The Affordable Care Act (ACA), also known as Obamacare, was adopted in 2010, and the purpose of the law was to provide proper health care services to more people in the United States who had been deprived of access to such services. Although the legislation was approved by many health care providers and the public, there is also much criticism, particularly in terms of ethics (Haislmaier, 2013; Hsieh, 2014). Barack Obama’s successor Donald Trump proposed modifications to the health care legislation, and the proposal was criticized from the ethical perspective, too (Thompson, 2017). Critics have claimed that Obamacare creates conflicts of interest and moral dilemmas, and Trumpcare violates fundamental principles of medical ethics.
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Obamacare: Conflicts of Interest
First of all, the conflict of interest created by Obamacare is among health care facility administrators, physicians, and patients, and a major threat associated with it is undertreatment (Hsieh, 2014). The law provides for the bundled payments system, in which hospitals receive a fixed amount of money for treating a certain condition. In case health care providers do not manage to provide adequate and sufficient treatment within the bundle’s limitations, additional costs will be defrayed by the facility.
But if treatment is provided for less than the bundle, the facility can keep the rest. This system is likely to create the risk that physicians will be undertreating patients, e.g. by using cheaper drugs or shorter interventions, because they will be interested in saving up the excess from the bundled payments.
Obamacare: Moral Dilemmas
Second, it has been argued that Obamacare poses ethical dilemmas for employers. The legislation strengthens the federal control over health care coverage requirements, and the dilemma that employers may face is associated with “morally-questionable procedures” (Haislmaier, 2013, para. 8).
Such procedures are connected to contraception, sterilization, and abortion; many people in the United States think that public money should not be spent on these aspects of medical care, and there are other questionable aspects, e.g. sex-change treatments or embryonic stem cell-related therapies. Employers who are unwilling to cover procedures associated with contraception and reproduction can be penalized according to Obamacare, which critics think is unfair and propose to “add a conscience exemption” (Haislmaier, 2013, para. 10) to the legislation.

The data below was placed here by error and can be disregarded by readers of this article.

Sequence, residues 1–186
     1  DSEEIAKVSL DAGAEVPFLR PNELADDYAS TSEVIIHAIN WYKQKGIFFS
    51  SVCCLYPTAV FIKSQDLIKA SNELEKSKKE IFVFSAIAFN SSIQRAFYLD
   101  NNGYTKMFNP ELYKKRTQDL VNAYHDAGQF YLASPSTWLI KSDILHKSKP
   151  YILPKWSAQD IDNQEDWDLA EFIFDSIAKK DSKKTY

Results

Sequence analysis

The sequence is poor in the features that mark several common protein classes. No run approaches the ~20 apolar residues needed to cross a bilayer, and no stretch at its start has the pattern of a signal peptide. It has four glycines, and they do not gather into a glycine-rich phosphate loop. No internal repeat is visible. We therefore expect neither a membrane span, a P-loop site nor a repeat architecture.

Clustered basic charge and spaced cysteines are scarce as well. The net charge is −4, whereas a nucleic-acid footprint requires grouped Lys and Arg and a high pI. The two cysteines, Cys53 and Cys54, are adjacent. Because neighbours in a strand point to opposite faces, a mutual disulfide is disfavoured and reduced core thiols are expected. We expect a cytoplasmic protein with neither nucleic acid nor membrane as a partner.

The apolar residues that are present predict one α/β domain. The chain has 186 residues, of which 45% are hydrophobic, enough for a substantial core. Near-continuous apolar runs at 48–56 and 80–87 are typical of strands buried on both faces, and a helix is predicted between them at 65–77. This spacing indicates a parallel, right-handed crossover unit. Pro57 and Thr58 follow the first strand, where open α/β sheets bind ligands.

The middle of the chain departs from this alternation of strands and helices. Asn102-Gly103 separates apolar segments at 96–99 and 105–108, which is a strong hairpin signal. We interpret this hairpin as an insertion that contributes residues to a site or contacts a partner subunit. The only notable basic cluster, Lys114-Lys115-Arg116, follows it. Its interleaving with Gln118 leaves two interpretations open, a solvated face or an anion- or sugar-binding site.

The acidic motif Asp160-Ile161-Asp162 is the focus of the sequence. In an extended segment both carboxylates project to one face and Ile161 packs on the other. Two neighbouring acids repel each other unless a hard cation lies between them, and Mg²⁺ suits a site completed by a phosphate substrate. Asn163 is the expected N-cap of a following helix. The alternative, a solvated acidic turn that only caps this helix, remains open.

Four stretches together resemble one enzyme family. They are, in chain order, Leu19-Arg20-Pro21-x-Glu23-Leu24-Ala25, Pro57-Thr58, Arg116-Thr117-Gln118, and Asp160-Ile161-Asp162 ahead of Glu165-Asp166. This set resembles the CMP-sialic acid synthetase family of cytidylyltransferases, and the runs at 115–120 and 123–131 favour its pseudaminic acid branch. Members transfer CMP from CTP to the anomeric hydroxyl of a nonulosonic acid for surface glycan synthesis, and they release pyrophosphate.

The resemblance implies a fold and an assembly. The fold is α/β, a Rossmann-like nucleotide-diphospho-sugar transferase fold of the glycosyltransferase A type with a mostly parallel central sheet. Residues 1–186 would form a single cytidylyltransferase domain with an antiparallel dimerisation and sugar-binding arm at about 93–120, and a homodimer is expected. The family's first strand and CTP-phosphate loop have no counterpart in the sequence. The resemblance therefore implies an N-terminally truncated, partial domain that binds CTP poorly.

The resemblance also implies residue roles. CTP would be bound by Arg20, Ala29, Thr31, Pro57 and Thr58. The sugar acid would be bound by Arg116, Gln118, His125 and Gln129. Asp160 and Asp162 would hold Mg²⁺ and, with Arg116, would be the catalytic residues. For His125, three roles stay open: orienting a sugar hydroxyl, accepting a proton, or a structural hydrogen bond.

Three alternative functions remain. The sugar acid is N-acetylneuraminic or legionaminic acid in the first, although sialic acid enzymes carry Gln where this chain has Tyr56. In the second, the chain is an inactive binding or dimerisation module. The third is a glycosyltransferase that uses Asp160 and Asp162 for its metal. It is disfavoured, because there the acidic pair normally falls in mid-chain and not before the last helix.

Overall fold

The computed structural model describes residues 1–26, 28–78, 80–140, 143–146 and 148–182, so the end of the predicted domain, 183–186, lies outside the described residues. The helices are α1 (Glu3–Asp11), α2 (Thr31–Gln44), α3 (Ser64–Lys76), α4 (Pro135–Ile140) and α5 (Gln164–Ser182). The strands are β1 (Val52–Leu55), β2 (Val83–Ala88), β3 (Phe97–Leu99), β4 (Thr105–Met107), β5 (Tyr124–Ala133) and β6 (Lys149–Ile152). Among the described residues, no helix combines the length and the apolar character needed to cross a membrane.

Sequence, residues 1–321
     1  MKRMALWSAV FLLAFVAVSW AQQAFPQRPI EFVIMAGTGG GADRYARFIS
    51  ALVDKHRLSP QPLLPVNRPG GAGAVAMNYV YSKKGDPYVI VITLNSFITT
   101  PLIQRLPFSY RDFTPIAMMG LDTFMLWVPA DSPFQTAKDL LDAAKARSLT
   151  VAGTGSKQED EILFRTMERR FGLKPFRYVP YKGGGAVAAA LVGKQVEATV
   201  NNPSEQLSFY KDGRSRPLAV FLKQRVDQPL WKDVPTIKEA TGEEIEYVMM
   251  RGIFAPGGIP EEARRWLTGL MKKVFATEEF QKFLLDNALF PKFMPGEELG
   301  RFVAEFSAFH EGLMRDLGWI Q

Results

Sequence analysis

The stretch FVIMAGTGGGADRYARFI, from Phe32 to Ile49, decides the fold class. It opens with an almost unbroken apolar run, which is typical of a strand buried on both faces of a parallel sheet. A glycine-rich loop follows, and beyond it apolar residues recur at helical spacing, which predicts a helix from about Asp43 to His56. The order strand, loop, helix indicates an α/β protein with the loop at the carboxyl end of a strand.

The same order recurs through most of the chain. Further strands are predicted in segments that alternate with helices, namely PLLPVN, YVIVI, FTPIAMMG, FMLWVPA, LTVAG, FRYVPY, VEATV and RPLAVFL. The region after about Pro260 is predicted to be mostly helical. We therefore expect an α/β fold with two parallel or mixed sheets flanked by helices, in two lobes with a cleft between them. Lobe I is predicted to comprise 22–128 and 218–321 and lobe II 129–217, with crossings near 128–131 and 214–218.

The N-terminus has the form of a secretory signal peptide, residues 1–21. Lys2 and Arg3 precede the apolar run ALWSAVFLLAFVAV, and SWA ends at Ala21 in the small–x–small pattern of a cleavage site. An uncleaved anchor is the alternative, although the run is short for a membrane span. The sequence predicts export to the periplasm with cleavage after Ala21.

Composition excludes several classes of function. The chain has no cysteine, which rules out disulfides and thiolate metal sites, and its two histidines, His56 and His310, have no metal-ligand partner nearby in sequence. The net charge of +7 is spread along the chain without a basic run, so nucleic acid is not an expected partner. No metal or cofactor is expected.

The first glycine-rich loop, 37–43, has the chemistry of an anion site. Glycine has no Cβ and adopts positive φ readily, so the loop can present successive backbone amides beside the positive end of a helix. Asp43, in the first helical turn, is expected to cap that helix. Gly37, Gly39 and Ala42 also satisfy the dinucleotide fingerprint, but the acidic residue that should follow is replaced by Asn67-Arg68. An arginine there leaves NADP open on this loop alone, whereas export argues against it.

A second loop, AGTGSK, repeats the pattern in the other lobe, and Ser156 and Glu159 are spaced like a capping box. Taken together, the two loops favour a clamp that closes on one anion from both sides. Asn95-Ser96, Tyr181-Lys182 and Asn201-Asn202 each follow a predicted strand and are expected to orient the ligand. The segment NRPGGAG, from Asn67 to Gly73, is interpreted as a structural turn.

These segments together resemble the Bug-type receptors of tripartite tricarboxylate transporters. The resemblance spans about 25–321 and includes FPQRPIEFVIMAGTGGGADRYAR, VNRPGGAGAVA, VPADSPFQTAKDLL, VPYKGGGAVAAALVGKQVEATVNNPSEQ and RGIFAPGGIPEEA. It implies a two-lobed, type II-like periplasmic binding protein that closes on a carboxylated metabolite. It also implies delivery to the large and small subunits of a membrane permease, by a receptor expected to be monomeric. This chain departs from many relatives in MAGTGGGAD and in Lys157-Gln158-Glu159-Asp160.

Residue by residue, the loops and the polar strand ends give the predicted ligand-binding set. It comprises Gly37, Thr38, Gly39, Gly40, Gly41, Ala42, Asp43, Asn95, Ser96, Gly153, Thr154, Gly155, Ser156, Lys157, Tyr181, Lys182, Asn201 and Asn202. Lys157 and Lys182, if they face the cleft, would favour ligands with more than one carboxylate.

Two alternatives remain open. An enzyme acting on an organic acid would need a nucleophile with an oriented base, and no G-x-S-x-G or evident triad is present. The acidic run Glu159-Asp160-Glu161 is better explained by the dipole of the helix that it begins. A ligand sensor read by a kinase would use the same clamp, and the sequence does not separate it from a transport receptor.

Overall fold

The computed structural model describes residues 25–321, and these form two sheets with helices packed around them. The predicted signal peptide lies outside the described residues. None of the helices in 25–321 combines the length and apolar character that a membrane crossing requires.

Trumpcare: Medical Ethics
Finally, the opposition to Trumpcare was manifested in the claims made by the American Medical Association (AMA), which stressed that the proposed legislation would violate the fundamental principle to do no harm (Thompson, 2017). According to the AMA, the proposal imposes limitations on the federal obligation to provide proper health care services to anyone who is in need of them. A particular part of the draft that attracted criticism was the one that prohibits patients from using their coverage at Planned Parenthood (or any other organizations that offer abortion services). The AMA claims that this provision violates patient autonomy and freedom of choice.
Critics have questioned Obamacare and Trumpcare and referred to the legislations’ incompliance with major ethical principles. Obamacare creates the threat of conflicts of interest, in which physicians may opt for undertreating their patients, and moral dilemmas, in which employers are compelled to cover health care costs that they find morally inappropriate. Trumpcare can create barriers to the provision of health care to needy patients and limits the areas in which coverage can be used. Identified conflicts should be addressed by policymakers to ensure that the health care reform will not prevent practitioners from acting ethically in their practice.
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Haislmaier, E. (2013). ObamaCare creates moral dilemma. Web.
Hsieh, P. (2014). How ObamaCare creates ethical conflicts for physicians and how patients can protect themselves. Forbes. Web.
Thompson, A. (2017). The nation’s largest medical group opposes Trumpcare. Web.